34

I'm developing a web page that needs to take an HTTP Post Request and read it into a byte array for further processing. I'm kind of stuck on how to do this, and I'm stumped on what is the best way to accomplish. Here is my code so far:

 public override void ProcessRequest(HttpContext curContext)
    {
        if (curContext != null)
        {
            int totalBytes = curContext.Request.TotalBytes;
            string encoding = curContext.Request.ContentEncoding.ToString();
            int reqLength = curContext.Request.ContentLength;
            long inputLength = curContext.Request.InputStream.Length;
            Stream str = curContext.Request.InputStream;

         }
       }

I'm checking the length of the request and its total bytes which equals 128. Now do I just need to use a Stream object to get it into byte[] format? Am I going in the right direction? Not sure how to proceed. Any advice would be great. I need to get the entire HTTP request into byte[] field.

Thanks!

59

The simplest way is to copy it to a MemoryStream - then call ToArray if you need to.

If you're using .NET 4, that's really easy:

MemoryStream ms = new MemoryStream();
curContext.Request.InputStream.CopyTo(ms);
// If you need it...
byte[] data = ms.ToArray();

EDIT: If you're not using .NET 4, you can create your own implementation of CopyTo. Here's a version which acts as an extension method:

public static void CopyTo(this Stream source, Stream destination)
{
    // TODO: Argument validation
    byte[] buffer = new byte[16384]; // For example...
    int bytesRead;
    while ((bytesRead = source.Read(buffer, 0, buffer.Length)) > 0)
    {
        destination.Write(buffer, 0, bytesRead);
    }
}
| improve this answer | |
  • How would I use memory stream without the .CopyTo option? – Encryption Mar 30 '12 at 18:39
  • 1
    @Encryption: You can implement something very similar yourself - I'll edit it in a minute... – Jon Skeet Mar 30 '12 at 18:40
  • So to get it into byte[] would I then just need destination.ToArray? – Encryption Mar 30 '12 at 18:47
  • @Encryption: You can use the code in the first part of the answer at that point. – Jon Skeet Mar 30 '12 at 18:58
19

You can just use WebClient for that...

WebClient c = new WebClient();
byte [] responseData = c.DownloadData(..)

Where .. is the URL address for the data.

| improve this answer | |
  • 1
    Be aware that DownloadData will never throw exceptions for 4xx and 5xx – Nathan Nov 9 '17 at 6:34
5

I use MemoryStream and Response.GetResponseStream().CopyTo(stream)

HttpWebRequest myRequest = (HttpWebRequest)WebRequest.Create(url);
myRequest.Method = "GET";
WebResponse myResponse = myRequest.GetResponse();
MemoryStream ms = new MemoryStream();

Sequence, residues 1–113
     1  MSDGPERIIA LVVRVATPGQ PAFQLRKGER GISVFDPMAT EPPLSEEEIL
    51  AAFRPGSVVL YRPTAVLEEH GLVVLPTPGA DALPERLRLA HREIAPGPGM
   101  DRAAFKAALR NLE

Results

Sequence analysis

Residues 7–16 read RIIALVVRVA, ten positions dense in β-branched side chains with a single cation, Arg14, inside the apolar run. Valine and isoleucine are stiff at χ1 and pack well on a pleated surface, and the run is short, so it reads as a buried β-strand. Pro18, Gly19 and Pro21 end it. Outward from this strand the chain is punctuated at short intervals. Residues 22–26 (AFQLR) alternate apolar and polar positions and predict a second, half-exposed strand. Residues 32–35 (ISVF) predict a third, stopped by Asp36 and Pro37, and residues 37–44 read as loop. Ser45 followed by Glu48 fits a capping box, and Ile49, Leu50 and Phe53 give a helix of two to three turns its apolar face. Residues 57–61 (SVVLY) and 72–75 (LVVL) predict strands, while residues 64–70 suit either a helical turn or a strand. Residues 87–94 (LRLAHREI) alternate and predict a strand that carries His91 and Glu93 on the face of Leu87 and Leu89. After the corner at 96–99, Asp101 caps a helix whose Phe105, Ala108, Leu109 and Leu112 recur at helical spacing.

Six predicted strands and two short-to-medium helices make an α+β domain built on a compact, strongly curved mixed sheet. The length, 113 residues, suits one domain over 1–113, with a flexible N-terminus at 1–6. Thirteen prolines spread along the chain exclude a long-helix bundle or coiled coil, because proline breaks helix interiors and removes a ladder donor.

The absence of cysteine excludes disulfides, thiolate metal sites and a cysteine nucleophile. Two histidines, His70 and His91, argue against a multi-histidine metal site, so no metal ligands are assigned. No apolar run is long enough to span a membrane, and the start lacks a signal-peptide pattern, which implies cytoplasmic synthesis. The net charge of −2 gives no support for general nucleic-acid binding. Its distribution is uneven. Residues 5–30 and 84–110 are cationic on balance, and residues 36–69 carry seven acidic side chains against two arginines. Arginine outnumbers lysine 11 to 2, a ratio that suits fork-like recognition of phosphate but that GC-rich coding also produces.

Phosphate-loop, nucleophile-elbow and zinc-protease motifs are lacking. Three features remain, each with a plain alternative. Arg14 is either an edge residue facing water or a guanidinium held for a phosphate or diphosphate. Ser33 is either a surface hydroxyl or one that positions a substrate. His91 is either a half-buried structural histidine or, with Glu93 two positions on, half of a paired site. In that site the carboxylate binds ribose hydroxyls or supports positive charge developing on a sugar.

myResponse.GetResponseStream().CopyTo(ms);
byte[] data = ms.ToArray();
| improve this answer | |
  • Basically a duplicate of the accepted answer, just using a WebResponse, which the OP is not using. – vapcguy Apr 4 '18 at 17:02
1

I have a function that does it, by sending in the response stream:

private byte[] ReadFully(Stream input)
{
    try
    {
        int bytesBuffer = 1024;
        byte[] buffer = new byte[bytesBuffer];
        using (MemoryStream ms = new MemoryStream())
        {
            int readBytes;
            while ((readBytes = input.Read(buffer, 0, buffer.Length)) > 0)
            {
               ms.Write(buffer, 0, readBytes);
            }
            return ms.ToArray();
        }
    }
    catch (Exception ex)
    {
        // Exception handling here:  Response.Write("Ex.: " + ex.Message);
    }
}

Since you have Stream str = curContext.Request.InputStream;, you could then just do:

byte[] bytes = ReadFully(str);

If you had done this:

HttpWebRequest req = (HttpWebRequest)WebRequest.Create(someUri);
req.Credentials = CredentialCache.DefaultCredentials;
HttpWebResponse resp = (HttpWebResponse)req.GetResponse();

You would call it this way:

byte[] bytes = ReadFully(resp.GetResponseStream());
| improve this answer | |
0
class WebFetch
{
static void Main(string[] args)
{
    // used to build entire input
    StringBuilder sb = new StringBuilder();

    // used on each read operation
    byte[] buf = new byte[8192];

    // prepare the web page we will be asking for
    HttpWebRequest request = (HttpWebRequest)
        WebRequest.Create(@"http://www.google.com/search?q=google");

    // execute the request
    HttpWebResponse response = (HttpWebResponse)
        request.GetResponse();

    // we will read data via the response stream
    Stream resStream = response.GetResponseStream();

    string tempString = null;
    int count = 0;

    do
    {
        // fill the buffer with data
        count = resStream.Read(buf, 0, buf.Length);

        // make sure we read some data
        if (count != 0)
        {
            // translate from bytes to ASCII text
            tempString = Encoding.ASCII.GetString(buf, 0, count);

            // continue building the string
            sb.Append(tempString);
        }
    }
    while (count > 0); // any more data to read?

    // print out page source
    Console.WriteLine(sb.ToString());
    Console.Read();
    }
}
| improve this answer | |
  • Good code, but it assumes the data being fetched is string data. If it were a file or something else that needed to be kept as bytes, this wouldn't be the way to do it. I'll neither vote up nor down on this, though. – vapcguy Oct 16 '17 at 19:34
0

For all those cases when your context.Request.ContentLength is greather than zero, you can simply do:

byte[] contentBytes = context.Request.BinaryRead(context.Request.ContentLength);
| improve this answer | |

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